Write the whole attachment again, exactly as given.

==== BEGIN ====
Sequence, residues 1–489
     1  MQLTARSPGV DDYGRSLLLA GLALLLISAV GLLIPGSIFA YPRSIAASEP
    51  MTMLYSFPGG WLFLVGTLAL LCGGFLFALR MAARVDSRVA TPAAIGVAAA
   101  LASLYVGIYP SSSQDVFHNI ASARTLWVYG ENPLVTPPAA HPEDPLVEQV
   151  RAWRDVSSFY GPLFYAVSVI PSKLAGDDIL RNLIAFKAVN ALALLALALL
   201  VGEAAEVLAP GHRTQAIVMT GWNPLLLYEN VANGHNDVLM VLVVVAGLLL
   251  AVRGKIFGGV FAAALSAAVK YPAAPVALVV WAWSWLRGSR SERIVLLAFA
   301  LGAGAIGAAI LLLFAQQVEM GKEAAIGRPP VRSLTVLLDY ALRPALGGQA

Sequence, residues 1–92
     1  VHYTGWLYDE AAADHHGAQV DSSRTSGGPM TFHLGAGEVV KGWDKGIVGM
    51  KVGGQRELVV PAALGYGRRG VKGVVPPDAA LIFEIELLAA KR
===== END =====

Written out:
Sequence, residues 1–489
     1  MQLTARSPGV DDYGRSLLLA GLALLLISAV GLLIPGSIFA YPRSIAASEP
    51  MTMLYSFPGG WLFLVGTLAL LCGGFLFALR MAARVDSRVA TPAAIGVAAA
   101  LASLYVGIYP SSSQDVFHNI ASARTLWVYG ENPLVTPPAA HPEDPLVEQV
   151  RAWRDVSSFY GPLFYAVSVI PSKLAGDDIL RNLIAFKAVN ALALLALALL
   201  VGEAAEVLAP GHRTQAIVMT GWNPLLLYEN VANGHNDVLM VLVVVAGLLL
   251  AVRGKIFGGV FAAALSAAVK YPAAPVALVV WAWSWLRGSR SERIVLLAFA
   301  LGAGAIGAAI LLLFAQQVEM GKEAAIGRPP VRSLTVLLDY ALRPALGGQA

Sequence, residues 1–92
     1  VHYTGWLYDE AAADHHGAQV DSSRTSGGPM TFHLGAGEVV KGWDKGIVGM
    51  KVGGQRELVV PAALGYGRRG VKGVVPPDAA LIFEIELLAA KR